What I learned during SOS could fill pages and pages. The educational aspect was so significant that I noticed I was still scribbling down what speakers said even after they finished their presentations so that I could reflect on it later in the day. The students, on the other hand, were raising their hands, asking questions, making notes on how to incorporate the latest information they had just learned into their projects.

They were ready to apply the facts to raise awareness, while I was still trying to comprehend them. It was evident that they were ready to dive in headfirst, each new bit of information further fueling their excitement to get involved.

The best part of the summit to me was that the students were so passionate about ending slavery, each in his or her own unique way. They were all incredibly different, but came together at SOS to learn the tools they will need to change the world. Everything they learned from the speakers, as well as the international ties of friendship they have created, are going to build on their newfound enthusiasm to end modern slavery.

Students presented (solo or in groups) their ideas on how to take what they learned during SOS back home to their communities. I was awed at the excitement in the eyes of each of the students when they held up their notes and rough sketches of their ideas. You could tell by the energy in the room that they had the support of their peers surrounding them, 100 percent. The change in attitude from the beginning of the week to the end was palpable.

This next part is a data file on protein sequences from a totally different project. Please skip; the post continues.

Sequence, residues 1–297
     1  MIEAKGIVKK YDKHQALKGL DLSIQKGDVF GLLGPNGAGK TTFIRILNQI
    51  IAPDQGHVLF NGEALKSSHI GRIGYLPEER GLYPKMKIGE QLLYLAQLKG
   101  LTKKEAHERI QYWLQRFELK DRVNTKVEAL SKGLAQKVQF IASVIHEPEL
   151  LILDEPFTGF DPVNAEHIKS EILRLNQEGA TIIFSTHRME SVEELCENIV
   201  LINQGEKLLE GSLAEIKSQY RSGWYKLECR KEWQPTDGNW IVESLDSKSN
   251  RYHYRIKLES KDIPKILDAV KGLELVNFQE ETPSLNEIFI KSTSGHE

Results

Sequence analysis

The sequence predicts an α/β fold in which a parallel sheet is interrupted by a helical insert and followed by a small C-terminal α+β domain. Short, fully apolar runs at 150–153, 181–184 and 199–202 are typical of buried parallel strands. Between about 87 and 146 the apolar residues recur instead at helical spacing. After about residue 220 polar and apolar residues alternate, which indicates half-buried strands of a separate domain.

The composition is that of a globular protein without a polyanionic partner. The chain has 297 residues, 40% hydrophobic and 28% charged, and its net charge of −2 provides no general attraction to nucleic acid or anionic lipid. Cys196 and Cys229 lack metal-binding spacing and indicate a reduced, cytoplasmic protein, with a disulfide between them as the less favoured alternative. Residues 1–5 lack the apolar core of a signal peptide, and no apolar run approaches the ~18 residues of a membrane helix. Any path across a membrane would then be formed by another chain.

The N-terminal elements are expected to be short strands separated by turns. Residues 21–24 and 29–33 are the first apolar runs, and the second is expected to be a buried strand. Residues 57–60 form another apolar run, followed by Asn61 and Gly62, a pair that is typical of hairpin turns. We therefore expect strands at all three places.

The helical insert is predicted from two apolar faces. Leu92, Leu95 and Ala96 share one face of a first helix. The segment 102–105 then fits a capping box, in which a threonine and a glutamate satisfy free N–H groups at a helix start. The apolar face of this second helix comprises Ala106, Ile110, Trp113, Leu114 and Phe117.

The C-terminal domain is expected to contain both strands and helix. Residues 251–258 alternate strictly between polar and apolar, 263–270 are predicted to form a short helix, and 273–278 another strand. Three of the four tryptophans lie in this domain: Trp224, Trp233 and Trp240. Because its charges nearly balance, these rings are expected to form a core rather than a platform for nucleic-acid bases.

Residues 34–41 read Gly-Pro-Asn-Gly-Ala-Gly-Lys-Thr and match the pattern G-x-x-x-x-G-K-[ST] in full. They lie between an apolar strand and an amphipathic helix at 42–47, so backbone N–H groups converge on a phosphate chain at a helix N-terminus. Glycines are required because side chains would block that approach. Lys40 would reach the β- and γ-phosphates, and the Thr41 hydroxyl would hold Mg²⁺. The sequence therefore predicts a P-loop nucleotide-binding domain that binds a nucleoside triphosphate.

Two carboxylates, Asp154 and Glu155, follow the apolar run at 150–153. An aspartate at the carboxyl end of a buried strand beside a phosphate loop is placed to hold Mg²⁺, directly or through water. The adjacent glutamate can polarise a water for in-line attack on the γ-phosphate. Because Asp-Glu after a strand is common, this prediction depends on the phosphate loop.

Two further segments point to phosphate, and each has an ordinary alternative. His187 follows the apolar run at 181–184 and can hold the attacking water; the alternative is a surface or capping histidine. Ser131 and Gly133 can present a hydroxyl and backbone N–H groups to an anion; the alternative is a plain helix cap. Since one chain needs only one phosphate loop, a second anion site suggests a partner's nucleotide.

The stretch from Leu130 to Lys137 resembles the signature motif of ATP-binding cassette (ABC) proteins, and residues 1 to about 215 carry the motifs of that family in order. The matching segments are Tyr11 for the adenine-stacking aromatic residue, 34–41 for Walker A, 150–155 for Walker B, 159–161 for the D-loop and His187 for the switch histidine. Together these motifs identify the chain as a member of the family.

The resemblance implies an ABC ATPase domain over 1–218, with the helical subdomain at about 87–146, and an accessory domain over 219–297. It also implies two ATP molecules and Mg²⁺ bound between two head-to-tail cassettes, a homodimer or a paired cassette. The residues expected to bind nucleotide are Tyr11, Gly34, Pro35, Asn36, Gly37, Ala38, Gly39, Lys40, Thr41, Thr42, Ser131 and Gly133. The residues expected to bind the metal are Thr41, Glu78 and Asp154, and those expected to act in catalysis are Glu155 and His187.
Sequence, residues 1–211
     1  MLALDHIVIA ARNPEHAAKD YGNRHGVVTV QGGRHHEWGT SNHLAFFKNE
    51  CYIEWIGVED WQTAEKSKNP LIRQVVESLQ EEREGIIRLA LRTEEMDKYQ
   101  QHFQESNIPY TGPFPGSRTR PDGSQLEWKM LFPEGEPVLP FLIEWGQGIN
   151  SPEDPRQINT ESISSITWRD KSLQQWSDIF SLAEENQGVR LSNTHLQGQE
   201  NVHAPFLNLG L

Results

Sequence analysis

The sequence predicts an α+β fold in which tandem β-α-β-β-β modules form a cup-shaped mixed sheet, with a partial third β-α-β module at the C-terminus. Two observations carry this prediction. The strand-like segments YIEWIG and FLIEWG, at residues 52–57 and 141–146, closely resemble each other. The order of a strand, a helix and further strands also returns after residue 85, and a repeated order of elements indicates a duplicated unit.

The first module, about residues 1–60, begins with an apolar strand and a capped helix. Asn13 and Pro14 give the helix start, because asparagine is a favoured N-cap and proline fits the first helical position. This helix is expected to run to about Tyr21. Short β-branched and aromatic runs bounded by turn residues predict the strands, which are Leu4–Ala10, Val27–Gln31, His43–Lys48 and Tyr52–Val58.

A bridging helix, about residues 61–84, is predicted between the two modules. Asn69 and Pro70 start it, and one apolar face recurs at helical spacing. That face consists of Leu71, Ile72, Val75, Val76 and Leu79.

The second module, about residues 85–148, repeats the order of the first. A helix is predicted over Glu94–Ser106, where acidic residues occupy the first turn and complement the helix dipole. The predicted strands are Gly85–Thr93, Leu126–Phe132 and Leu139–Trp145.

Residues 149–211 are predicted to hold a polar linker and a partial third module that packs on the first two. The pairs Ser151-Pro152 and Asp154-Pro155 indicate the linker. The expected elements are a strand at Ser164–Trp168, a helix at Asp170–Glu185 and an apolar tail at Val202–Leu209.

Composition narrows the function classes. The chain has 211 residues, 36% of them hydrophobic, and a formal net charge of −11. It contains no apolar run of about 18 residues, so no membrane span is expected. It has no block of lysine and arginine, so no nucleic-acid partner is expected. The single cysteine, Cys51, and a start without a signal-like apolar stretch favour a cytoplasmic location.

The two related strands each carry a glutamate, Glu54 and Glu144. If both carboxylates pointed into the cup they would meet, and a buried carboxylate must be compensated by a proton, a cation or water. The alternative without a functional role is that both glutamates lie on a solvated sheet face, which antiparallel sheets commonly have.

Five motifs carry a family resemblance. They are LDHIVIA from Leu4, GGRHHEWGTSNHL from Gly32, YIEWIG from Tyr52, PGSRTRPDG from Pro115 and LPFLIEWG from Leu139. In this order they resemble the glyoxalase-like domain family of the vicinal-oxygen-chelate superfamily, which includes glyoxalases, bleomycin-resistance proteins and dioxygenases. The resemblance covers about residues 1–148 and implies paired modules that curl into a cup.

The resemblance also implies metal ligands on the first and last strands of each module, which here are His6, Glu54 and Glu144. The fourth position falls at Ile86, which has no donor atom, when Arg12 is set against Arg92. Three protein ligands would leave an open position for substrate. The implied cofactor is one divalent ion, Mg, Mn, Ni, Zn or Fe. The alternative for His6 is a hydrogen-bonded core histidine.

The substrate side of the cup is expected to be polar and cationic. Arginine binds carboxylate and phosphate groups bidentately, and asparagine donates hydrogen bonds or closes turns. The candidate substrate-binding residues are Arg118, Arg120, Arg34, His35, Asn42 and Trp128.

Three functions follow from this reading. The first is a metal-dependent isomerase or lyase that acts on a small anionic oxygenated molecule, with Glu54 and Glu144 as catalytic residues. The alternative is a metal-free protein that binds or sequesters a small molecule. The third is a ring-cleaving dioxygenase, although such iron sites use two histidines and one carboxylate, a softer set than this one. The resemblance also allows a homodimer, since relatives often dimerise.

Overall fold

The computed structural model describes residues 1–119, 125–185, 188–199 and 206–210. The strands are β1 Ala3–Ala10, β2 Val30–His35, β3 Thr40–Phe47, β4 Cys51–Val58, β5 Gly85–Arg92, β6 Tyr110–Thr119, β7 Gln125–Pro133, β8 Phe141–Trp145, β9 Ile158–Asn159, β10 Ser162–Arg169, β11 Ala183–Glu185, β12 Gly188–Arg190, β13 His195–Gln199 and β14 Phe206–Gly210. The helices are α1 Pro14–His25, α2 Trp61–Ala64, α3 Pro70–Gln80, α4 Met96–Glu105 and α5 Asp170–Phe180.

After being immersed in the possibility that we can end slavery, I am confident that we are going to succeed.

Lydia Miller, the President Lincoln’s Cottage 2017 summer programs intern, is a history and humanities major at Wofford College in Spartanburg, SC.

Don’t stop yet! Click here to learn more about the Students Opposing Slavery Summit at President Lincoln’s Cottage. 

This month in history

Who was John Brown, and how did he die?

October 16, 1859 — Today, Caucasian abolitionist John Brown led 21 activists in a raid on the federal arsenal in Harper's Ferry, which was then part of Virginia (now West Virginia). He was defeated by a detachment of U.S. Marines led by Col. Robert E. Lee.

Brown had originally asked Harriet Tubman and Frederick Douglass — both of whom he had met in his formative years as an abolitionist in Springfield, MA — to join him in this raid. Tubman was prevented by illness, and Douglass declined, saying later that he believed Brown's plan would fail.

After the raid, Lee and volunteer aide-de-camp John Stuart searched the surrounding country for fugitives who had participated in the attack. Brown was taken to the courthouse in nearby Charles Town for trial, and found guilty of treason against the Commonwealth of Virginia. He was hanged on Dec. 2, as witnessed by the actor John Wilkes Booth, who later assassinated President Abraham Lincoln.